Narrow, inner city terrace houses are common across Melbourne. Modern living area extensions to the rear of these houses are almost mandatory -- allowing people to live 21st century lives in houses dating back to the 19th Century.
In many cases, the contrast between the traditional terrace style and the light, bright modern extension can be jarring. FMD Architects have taken a tread from their client's brief and stitched the old and new together in this clever home extension, Cross Stitch House.
One of the client's requirements was to find a place for three tapestries of houses her mother had hand-made for her. The architects started exploring the idea of tapestries and needlework. They found a way to incorporate this special requirement from the client into a meaningful way to connect the old part of the house with the new. Timber columns and beams became the thread that the architects stitched through the house to create cohesion.
"Our design strategy is always to celebrate the particularities of the project, so while exploring the tradition of tapestry and stitching techniques, the concept of stitching the new house form to the old established the design approach." -- FMD Architects
In keeping with planning laws and the client's wishes, the front facade and the two front rooms have been retained in their original style. The two front rooms are bedrooms, while a new kitchen, dining, living area, and bathroom were created at the rear.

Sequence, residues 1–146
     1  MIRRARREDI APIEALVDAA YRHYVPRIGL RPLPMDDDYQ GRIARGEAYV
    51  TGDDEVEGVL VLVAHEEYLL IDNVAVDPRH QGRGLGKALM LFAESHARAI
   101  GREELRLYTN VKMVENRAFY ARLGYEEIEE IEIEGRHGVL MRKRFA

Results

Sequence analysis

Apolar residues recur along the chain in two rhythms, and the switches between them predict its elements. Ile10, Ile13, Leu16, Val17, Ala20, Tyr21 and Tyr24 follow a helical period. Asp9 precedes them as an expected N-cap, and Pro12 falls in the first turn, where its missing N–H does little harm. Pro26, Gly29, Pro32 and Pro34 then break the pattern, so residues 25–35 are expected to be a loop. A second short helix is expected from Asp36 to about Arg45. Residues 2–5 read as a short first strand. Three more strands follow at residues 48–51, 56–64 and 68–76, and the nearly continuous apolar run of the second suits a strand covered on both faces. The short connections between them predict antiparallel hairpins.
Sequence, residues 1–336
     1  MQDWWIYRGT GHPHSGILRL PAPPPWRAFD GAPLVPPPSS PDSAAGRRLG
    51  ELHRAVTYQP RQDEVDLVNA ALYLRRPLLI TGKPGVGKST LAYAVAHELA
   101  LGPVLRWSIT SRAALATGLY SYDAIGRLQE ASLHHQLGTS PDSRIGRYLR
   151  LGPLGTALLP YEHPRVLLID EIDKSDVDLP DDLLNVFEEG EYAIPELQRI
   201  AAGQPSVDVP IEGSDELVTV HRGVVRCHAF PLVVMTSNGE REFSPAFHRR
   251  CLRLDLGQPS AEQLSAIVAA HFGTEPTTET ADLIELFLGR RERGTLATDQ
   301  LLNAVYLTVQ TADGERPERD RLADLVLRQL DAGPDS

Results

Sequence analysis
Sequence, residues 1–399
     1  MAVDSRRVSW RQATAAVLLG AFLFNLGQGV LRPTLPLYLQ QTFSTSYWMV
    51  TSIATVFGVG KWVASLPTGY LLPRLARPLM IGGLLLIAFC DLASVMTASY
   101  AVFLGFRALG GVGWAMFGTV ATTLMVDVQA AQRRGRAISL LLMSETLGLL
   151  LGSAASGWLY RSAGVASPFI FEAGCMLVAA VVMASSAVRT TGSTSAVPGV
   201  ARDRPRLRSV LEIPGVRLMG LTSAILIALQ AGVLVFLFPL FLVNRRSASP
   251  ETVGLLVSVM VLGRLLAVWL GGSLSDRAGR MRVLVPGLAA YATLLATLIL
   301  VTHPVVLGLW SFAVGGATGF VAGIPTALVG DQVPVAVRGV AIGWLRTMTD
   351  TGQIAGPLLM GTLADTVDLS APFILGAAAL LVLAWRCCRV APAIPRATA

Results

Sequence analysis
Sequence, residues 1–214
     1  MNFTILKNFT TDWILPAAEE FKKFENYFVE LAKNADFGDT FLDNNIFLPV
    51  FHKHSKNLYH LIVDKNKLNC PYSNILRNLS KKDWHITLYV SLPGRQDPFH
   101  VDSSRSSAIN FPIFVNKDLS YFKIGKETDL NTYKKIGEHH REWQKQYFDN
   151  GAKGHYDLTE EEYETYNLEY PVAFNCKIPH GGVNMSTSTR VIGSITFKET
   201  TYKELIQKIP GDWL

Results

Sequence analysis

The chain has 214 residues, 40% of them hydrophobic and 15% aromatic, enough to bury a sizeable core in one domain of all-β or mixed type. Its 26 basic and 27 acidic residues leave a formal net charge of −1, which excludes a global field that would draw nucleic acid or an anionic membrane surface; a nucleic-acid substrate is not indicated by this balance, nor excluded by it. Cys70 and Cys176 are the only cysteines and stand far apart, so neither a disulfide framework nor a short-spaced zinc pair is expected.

Open Plan Living
The modern extension is kept light and bright thanks to full height windows to the garden. The timber stitches weave through the space, creating a sense of intrigue and slowly adjusting the existing flat ceiling to the new cathedral ceiling -- connecting the old with the new.
A new light well in the master bedroom provides much-needed light to a room which would otherwise have no external light source -- a common problem in the long, narrow homes from this era.
A strategically placed mirror visually expands the pond and thread motif, creating the illusion on more space and concealing the home's services area.
A skylight wedged to fit between the timber threads brings light deep into the house.
The traditional image of a house with a pitched roof is not confined just to the timber beams in the living area. It is continued throughout the home. This connects the silhouette on the new extension with the rest of the house and ties back to the tapestry houses the client adores. This is a meaningful symbol used for both practical and aesthetic purposes.
Cross Stitch House
By weaving together the old and the new, symbology and functionality, FMD Architects have created a unique home that the client would be proud to call her own.